Imus would call it a "tension convention." There was palpable friction among members of the Morning Joe team today on the question of whether Secret Service Director Julia Pierson was an affirmative action hire. By the end, the almost unfailingly affable Willie Geist was smirking in frustration at Mika Brzezinski.
When Brzezinski first broached the sensitive-for-liberals subject, she suggested that she was going to go further than her male colleagues dared. But by the time she circled back to the topic, Mika had for some reason lost her nerve. She was suddenly so cautious that Donny Deutsch chided her for raising the issue "softly." Things came to a head when Mika, suddenly trying to sound tough, asked Willie whether it was "illegal" for her to ask why Pierson got her job. Willie, having suggested no such thing, could only smirk and look off camera for support in response to Mika's non sequitur of a question.
Check out the video for a glimpse of some rare unpleasantness amongst the Morning Joe regulars.
MIKA BRZEZINSKI: Willie, I'm just reading about her. Her career is what it is, but she was tasked with improving the image of the Secret Service in light of the prostitution scandal and I'm not seeing, I'm not sure about the steps in her career and if they match the job. I got to tell you.
WILLIE GEIST: She's had a pretty distinguished career. She's been on the protective details of three different presidents and moved up through the ranks, that wasn't reflected in the performance yesterday, when I think she was sent up there to protect the reputation.
BRZEZINSKI: Well, I'm going to touch on a question that anybody else on this set would be afraid to touch on; I'm just touching on it and I'm not even going to say it. But go ahead, go ahead.
JOE SCARBOROUGH: I just don't really understand why she still has her job, Mika, I don't understand why the White House isn't going after this more aggressively. It is the President, the First Lady and the children who are most at danger right now.
BRZEZINSKI: So I'm going to go further. I want to know why she has that job as the first woman to lead the agency. And I want to know why she still has it. Still ahead, we're going to ask that question.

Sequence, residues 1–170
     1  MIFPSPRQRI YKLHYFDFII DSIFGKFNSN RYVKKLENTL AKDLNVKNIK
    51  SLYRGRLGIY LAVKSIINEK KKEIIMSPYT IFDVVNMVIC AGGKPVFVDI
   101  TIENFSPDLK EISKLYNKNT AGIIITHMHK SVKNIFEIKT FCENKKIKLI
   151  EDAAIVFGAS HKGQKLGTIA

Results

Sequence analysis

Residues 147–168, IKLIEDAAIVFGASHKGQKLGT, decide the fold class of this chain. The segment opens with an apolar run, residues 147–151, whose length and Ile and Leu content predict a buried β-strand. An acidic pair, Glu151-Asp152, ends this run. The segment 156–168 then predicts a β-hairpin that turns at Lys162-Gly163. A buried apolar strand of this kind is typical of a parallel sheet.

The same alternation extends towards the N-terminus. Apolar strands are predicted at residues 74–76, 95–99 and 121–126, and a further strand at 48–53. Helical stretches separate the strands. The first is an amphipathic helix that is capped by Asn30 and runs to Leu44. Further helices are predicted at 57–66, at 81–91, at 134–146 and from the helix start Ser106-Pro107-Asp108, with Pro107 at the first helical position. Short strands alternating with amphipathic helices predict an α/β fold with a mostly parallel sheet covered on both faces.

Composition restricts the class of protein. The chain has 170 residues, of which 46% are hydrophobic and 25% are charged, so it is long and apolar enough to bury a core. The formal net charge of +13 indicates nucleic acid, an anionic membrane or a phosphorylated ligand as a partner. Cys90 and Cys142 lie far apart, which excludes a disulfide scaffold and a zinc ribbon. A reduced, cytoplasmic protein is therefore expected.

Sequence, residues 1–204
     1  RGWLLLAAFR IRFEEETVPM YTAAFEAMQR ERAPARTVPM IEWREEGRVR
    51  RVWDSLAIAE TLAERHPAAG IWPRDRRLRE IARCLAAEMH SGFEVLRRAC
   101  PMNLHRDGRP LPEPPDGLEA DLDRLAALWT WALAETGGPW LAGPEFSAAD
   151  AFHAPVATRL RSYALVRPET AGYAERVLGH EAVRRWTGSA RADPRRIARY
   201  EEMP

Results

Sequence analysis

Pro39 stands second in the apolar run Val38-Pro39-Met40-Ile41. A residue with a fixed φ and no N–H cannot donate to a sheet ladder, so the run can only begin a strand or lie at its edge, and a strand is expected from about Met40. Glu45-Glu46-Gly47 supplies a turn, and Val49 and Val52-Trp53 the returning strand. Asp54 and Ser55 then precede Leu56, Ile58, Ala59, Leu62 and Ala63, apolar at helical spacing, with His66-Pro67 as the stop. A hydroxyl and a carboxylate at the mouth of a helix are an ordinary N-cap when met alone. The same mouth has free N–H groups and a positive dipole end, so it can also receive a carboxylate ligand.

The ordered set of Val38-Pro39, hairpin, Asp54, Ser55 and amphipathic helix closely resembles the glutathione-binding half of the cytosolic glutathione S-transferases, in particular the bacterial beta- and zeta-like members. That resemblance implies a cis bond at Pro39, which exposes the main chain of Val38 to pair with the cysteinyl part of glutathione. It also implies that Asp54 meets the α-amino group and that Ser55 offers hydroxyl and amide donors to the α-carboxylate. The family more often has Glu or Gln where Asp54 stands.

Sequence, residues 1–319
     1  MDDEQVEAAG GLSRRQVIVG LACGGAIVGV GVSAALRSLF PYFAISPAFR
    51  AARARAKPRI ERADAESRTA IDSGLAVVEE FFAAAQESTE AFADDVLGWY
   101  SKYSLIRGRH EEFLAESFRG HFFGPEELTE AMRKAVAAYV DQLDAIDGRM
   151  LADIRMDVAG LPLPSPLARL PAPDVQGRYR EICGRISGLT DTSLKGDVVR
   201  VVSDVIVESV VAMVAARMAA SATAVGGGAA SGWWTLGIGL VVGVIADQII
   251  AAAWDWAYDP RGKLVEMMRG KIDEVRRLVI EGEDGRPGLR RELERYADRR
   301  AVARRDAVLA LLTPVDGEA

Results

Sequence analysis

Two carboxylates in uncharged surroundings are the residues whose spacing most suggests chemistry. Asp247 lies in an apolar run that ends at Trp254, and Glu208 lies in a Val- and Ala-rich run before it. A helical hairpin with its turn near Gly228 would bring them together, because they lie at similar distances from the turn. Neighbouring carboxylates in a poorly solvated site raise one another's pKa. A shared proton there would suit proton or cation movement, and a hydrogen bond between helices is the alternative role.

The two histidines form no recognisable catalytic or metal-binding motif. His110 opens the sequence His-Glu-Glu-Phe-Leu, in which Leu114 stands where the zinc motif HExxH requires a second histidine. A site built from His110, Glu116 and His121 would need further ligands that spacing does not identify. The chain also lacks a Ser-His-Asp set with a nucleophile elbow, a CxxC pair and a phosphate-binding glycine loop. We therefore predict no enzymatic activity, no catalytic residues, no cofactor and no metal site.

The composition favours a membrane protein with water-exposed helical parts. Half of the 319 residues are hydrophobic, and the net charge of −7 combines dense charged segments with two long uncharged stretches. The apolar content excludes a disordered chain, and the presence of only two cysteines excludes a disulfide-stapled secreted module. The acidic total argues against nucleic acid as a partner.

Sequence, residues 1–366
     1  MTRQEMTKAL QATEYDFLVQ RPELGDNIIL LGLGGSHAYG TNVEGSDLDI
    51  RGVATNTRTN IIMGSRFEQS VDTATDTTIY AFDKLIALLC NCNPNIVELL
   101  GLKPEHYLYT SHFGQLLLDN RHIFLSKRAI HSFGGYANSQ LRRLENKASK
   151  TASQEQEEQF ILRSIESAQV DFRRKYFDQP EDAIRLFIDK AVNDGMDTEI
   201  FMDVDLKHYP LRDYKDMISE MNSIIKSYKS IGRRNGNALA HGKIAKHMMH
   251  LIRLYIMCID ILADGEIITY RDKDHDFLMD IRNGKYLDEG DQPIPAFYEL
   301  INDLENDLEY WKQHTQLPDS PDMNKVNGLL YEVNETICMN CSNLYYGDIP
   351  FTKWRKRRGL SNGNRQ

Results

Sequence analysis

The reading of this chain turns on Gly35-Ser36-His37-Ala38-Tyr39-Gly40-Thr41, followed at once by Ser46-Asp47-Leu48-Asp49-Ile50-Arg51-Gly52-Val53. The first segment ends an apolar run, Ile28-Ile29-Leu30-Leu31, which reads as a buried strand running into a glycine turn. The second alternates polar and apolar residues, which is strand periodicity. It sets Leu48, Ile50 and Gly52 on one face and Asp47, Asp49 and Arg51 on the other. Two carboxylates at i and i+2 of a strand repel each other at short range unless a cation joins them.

DONNY DEUTSCH: You did that softly.
BRZEZINSKI: That was soft?
DEUTSCH: That was soft. As opposed to: did she get the job because she's a woman?
BRZEZINSKI: Well she's the first woman to lead the agency and I just, I wan to, I don't understand it. Do you? Do any of you get it at this point?
WILLIE GEIST: Understand what?
BRZEZINSKI: The agency seems to be really coming apart at the seams.
GEIST: Why she still has her job?
GEIST: I don't understand that, but you're asking why she got her job.
BRZEZINSKI: I just want to know. I'm just asking the question. Is that illegal? It's not.
DEUTSCH: I think the question is we've got to be very careful in every instance.
SCARBOROUGH: Hold on, Willie. Let me check. I'm checking the law books here, no, it's not illegal.
BRZEZINSKI: It was a good question.
SCARBOROUGH: You can ask the question. Nobody is saying it's illegal, Mika. It's a good question to ask.
BRZEZINSKI: You guys are looking shocked and --
GEIST: Did we? --
SCARBOROUGH: Are you suggesting she got the job because she's a woman, and she still has the job because she's a woman?
BRZEZINSKI: I'm asking how and why she got the job, given the state of the situation there is today, and those inferences other people can make. But it's interesting to me.